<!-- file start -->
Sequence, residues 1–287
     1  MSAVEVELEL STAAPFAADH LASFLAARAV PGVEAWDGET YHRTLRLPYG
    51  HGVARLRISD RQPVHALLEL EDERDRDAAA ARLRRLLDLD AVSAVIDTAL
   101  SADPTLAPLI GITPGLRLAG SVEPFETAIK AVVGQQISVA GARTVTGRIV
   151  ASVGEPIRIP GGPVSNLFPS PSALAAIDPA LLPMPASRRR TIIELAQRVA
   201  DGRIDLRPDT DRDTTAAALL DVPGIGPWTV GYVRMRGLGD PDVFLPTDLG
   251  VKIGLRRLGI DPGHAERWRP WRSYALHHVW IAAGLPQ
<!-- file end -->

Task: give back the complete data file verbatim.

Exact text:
Sequence, residues 1–287
     1  MSAVEVELEL STAAPFAADH LASFLAARAV PGVEAWDGET YHRTLRLPYG
    51  HGVARLRISD RQPVHALLEL EDERDRDAAA ARLRRLLDLD AVSAVIDTAL
   101  SADPTLAPLI GITPGLRLAG SVEPFETAIK AVVGQQISVA GARTVTGRIV
   151  ASVGEPIRIP GGPVSNLFPS PSALAAIDPA LLPMPASRRR TIIELAQRVA
   201  DGRIDLRPDT DRDTTAAALL DVPGIGPWTV GYVRMRGLGD PDVFLPTDLG
   251  VKIGLRRLGI DPGHAERWRP WRSYALHHVW IAAGLPQ